Fatal premium adjustments can cost more than fines

Fairness of Ontario’s policy being challenged

Fatal premium adjustments can cost more than fines
Laura Russell

Safety professionals are no doubt aware of the high fines and administrative monetary penalties now routinely imposed by government OHS enforcers and courts after a workplace fatality. Less well-known are the fatal premium adjustments and experience ratings being made to employers’ workers’ compensation cost records and refunds. These policies result in a clawback of any premium refunds that would ordinarily be received by the accident employer for its practices and efforts to reduce injuries. This clawback can be significant — in many cases, far more than any penalty imposed by a court or OHS enforcer.

In response to a Toronto Star media campaign in June 2008, Ontario’s Workplace Safety and Insurance Board (WSIB) introduced a new policy that stipulates employers who would otherwise be in a rebate position are not eligible for an experience rating rebate in a year in which they experience a fatality. For these otherwise “good” employers, they will face a surcharge equal to what their rebate would have been, but for the fatality. The WSIB will also disqualify the organization from receiving a Safety Group incentive in the year of the fatality. The WSIB’s validation unit will examine whether the deceased worker’s employer would otherwise be entitled to receive a refund under the new experimental experience rating (NEER) program, CAD-7 (also an experience rating program) or both.

It is then the WSIB’s practice to conduct an investigation to determine the cause of the fatal incident. During the investigation, the WSIB collects evidence to determine if the employer took sufficient precautions to prevent the incident and whether there were exceptional circumstances that exist that would make it unfair to apply the penalty. These investigations often run parallel to Ministry of Labour investigations. They often request and use the same information — specific policies and procedures for the task involved, training, inspection records, hazard assessment records, supervisory records — all with a view to making a parallel WSIB decision on clawback of the refund. The WSIB will make a decision in respect of the workplace fatality within a few weeks or months of the occurrence — long before the statutory deadline for the Occupational Health and Safety Act or any possible Criminal Code charges.

Employers may appeal the application of a fatal claim premium adjustment on (potentially) multiple grounds, depending on the facts of the case. The application or appeal of premium adjustment has no implication or bearing on the claim made by the worker’s estate.

It’s also worth noting that an employer in a surcharge position is not subject to the policy and, therefore, suffers no risk of the penalty adjustment.

Although the plans differ somewhat in their specifics, several other provinces also penalize employers by altering their rebate or discount if they have a fatality. The manner in which the provincial or territorial workers’ compensation boards charge the employer’s account for the costs of a fatality also differ. Some provinces simply treat the claim as any other and incorporate the actual costs into the employer profile and experience rating calculations, while others have a specific method of costing a fatality. For example, Nova Scotia charges each employer with five times the maximum insurable earnings level for the year of the accident rather than the actual cost of the claim, whereas Manitoba charges a proxy of $150,000 in costs to the employer’s record.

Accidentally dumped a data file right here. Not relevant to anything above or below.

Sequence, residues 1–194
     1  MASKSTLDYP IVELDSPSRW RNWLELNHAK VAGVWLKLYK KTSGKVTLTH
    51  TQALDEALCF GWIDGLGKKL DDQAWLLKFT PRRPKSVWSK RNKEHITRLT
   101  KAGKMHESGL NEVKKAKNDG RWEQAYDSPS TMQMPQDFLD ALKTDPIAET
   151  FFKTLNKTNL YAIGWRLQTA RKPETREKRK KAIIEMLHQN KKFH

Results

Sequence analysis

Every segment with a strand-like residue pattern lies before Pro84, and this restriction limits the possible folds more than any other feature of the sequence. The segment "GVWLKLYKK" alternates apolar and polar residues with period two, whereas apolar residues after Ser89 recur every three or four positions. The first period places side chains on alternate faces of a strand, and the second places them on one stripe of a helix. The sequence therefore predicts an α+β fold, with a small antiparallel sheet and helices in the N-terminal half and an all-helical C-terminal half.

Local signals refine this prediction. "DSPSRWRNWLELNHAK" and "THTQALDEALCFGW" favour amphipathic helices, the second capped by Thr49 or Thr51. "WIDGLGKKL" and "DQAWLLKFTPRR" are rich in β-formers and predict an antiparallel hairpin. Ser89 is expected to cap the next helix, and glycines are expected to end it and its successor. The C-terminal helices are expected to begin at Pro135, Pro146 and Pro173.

Section 73(1) of the Workers’ Compensation Act authorizes WorkSafeBC to assess the employer an additional amount in certain circumstances, including a work-related death. However, the legislation in British Columbia provides a straightforward mechanism that is administered more readily. B.C. places a cap on the penalty that is equal to the maximum compensation payable and applies it where there is evidence of “gross negligence or a failure to adopt reasonable means for prevention on injuries.” This number is indexed annually. It was $55,810.03 for 2017.

The Alberta Partnership in Injury Reduction (PIR) program provides a premium discount for employers who qualify and maintain their Certificate of Recognition (COR). Discounts range from five per cent to a maximum of 20 per cent. In the case of a fatality, an automatic COR review is initiated and the employer’s PIR is put on hold. If the employer is found to be in compliance with COR requirements, the PIR rebate will be released.


Policy challenged

Employers are challenging these policies as being entirely contrary to the purpose of workers’ compensation schemes for no-fault worker coverage. These policies directly introduce a “fault” element, suggesting or assuming that the employer whose worker has experienced a fatal accident is not deserving of its refund for proactive safety practices. The matter of the legal validity of the WSIB’s fatal claim premium adjustment policy is pending before the Ontario Workplace Safety and Insurance Appeals Tribunal. In 2008, an employer was expecting a rebate of more than $1 million under the NEER program. However, as the result of a fatal injury in October 2008, the WSIB applied the fatal premium policy and negated the rebate that was related to the three prior (good) claim years. The employer appealed and the tribunal has issued several interim decisions (five so far).

Unfortunately, by the time the tribunal makes the final ruling in the precedent case it may be too late. Ontario is set to transition to a new premium setting system in 2020 (known as the rate framework reform) which will see an end to the 30-year-old NEER and CAD-7 experience rating programs.

This article originally appeared in the October/November 2017 issue of COS.